I'm still working on decor for the bare walls of my home. I have lots of family photos to hang, but I wanted something with more color..... so I opted to created some bright watercolors of my son and created a tutorial to share!
Now you may be thinking that this is way too hard, but it is WAY easier than it looks. If you can trace an outline and color it in, you can do this!
digital photo of a person
Step 1: Find a nice digital photo of your subject with an even amount of light and shadow on the face. This can be kinda tricky. If there's too much light or shadow on the face, you won't have enough definition to make this work. So you may have to try this with several photos to see what works best. Finding the right photo is key!
Step 2: Open the photo in PicMonkey, a free online photo editor. You can use another editor if you like, but I'll explain the next steps in terms of the picmonkey editor.
Step 3: In PicMonkey, select the Effects option on the left sidebar. It's the second symbol down from the top. In Effects, select the Posterize option towards the bottom of the sidebar ( I've circled that one below also).
Step 4: In Posterize, slide the number of colors bar down to 2. It's important to have only two colors here. This project won't work with any more colors or any less. Keep the detail at 80% and the fade at 0%. Then hit apply.
Your photo should look like this now. Only one light shade and one dark shade.
Step 5: Decide on the size of painting you want to make and print out the digital photo in black and white in the size that you desire. I printed mine to fill a whole 8 1/2 x 11 piece of copy paper and it worked well to make an 8 x 10 painting.
Step 6: Once you have your printed photo, flip it over and color over the entire backside with a regular pencil.
You may be wondering why you are doing this, but trust me.... there is a reason. The pencil graphite will help you transfer your image onto the watercolor paper. So fill it in the best you can!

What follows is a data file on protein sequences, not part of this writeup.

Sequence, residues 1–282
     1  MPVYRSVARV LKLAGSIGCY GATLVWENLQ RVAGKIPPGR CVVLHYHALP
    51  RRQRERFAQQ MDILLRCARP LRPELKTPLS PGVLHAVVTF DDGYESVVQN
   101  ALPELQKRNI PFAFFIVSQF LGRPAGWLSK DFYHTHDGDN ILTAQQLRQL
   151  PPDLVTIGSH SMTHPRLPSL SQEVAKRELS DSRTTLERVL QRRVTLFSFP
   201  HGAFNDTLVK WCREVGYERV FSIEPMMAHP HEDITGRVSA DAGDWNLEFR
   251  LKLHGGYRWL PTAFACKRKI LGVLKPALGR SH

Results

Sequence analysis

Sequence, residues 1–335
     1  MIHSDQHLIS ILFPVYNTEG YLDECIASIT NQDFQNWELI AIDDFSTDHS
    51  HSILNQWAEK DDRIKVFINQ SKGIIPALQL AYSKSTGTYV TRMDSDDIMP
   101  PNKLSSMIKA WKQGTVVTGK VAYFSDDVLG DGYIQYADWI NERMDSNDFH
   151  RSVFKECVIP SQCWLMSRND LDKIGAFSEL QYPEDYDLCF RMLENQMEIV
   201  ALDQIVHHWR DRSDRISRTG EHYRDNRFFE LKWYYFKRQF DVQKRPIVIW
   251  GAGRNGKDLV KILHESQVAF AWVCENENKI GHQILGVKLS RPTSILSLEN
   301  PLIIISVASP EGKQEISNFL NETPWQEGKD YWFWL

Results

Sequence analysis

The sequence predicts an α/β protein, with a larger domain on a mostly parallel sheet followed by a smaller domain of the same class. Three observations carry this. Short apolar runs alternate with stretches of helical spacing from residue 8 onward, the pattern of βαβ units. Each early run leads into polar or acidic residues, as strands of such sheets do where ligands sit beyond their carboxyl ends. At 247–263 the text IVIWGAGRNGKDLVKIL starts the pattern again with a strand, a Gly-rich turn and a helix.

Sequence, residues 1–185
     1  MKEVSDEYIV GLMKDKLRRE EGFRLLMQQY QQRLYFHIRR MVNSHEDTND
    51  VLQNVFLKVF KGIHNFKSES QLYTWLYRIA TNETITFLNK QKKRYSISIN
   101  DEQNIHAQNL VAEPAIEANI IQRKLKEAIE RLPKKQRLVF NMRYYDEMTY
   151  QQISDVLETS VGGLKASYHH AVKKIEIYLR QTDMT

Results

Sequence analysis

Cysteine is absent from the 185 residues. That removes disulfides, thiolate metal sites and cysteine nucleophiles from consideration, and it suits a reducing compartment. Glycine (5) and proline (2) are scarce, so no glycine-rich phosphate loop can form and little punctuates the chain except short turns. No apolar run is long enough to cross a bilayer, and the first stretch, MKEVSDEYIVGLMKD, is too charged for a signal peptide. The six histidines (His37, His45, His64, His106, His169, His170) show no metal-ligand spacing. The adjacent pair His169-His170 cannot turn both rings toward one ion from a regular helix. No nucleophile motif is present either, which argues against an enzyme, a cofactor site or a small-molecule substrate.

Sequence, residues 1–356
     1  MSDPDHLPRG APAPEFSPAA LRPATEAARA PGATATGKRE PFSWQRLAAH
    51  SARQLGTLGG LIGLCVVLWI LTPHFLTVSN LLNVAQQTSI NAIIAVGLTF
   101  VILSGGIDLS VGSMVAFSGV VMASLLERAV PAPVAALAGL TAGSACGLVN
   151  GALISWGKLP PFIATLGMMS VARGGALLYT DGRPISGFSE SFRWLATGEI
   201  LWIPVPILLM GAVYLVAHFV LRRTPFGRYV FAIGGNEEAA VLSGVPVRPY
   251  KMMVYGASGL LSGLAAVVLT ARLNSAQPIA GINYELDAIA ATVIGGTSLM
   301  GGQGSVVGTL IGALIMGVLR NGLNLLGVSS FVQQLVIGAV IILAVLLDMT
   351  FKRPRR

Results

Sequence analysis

Step 7: Flip your paper over so the photo side is up and place it directly on top of the watercolor paper. You need to make sure the paper doesn't shift or move during the next steps so it may be a good idea to tape it down.
Step 8: With a sharpened pencil, press firmly to trace the outlines of the face. I've outlined in red in the photo below some of the areas I traced to give you an idea.
I traced all the black outlines of the face and then moved down to trace the outlines of the neck and shoulders. Depending on your particular photo, you may want to leave the background out. For this one, it worked best to leave it out.
Step 9: Once you have the whole image traced, take the printed copy off to see the image transferred onto the watercolor paper.
Step 10: Now it's time to add some watercolor! Select a color and carefully start painting inside the lines you traced. Keep your printed copy handy to make sure you are painting in the right spots.
Tip: To give the portrait a more varied look, try adding just a hint of another color on certain areas. I added a touch more red in some areas and left others more orange-y.
Step 11: Fill in the entire portrait and let the paint dry and finally... You Are Done!